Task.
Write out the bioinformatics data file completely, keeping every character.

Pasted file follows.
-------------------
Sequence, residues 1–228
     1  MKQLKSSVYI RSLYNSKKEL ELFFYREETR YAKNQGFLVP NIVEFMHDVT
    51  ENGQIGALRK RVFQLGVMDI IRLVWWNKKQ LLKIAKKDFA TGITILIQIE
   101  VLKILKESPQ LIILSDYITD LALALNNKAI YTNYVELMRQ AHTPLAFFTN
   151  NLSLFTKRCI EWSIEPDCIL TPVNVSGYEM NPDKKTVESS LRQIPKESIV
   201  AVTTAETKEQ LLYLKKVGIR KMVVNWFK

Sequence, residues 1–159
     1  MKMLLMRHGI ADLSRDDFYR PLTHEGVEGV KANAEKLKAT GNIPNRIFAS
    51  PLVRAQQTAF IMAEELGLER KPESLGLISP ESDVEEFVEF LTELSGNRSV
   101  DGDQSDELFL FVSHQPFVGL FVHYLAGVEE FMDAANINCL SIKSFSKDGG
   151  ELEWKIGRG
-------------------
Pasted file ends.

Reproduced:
Sequence, residues 1–228
     1  MKQLKSSVYI RSLYNSKKEL ELFFYREETR YAKNQGFLVP NIVEFMHDVT
    51  ENGQIGALRK RVFQLGVMDI IRLVWWNKKQ LLKIAKKDFA TGITILIQIE
   101  VLKILKESPQ LIILSDYITD LALALNNKAI YTNYVELMRQ AHTPLAFFTN
   151  NLSLFTKRCI EWSIEPDCIL TPVNVSGYEM NPDKKTVESS LRQIPKESIV
   201  AVTTAETKEQ LLYLKKVGIR KMVVNWFK

Sequence, residues 1–159
     1  MKMLLMRHGI ADLSRDDFYR PLTHEGVEGV KANAEKLKAT GNIPNRIFAS
    51  PLVRAQQTAF IMAEELGLER KPESLGLISP ESDVEEFVEF LTELSGNRSV
   101  DGDQSDELFL FVSHQPFVGL FVHYLAGVEE FMDAANINCL SIKSFSKDGG
   151  ELEWKIGRG